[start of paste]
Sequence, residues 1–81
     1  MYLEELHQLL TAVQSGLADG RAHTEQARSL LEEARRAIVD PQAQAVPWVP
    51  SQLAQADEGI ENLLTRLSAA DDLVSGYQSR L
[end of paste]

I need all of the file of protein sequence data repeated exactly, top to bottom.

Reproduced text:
Sequence, residues 1–81
     1  MYLEELHQLL TAVQSGLADG RAHTEQARSL LEEARRAIVD PQAQAVPWVP
    51  SQLAQADEGI ENLLTRLSAA DDLVSGYQSR L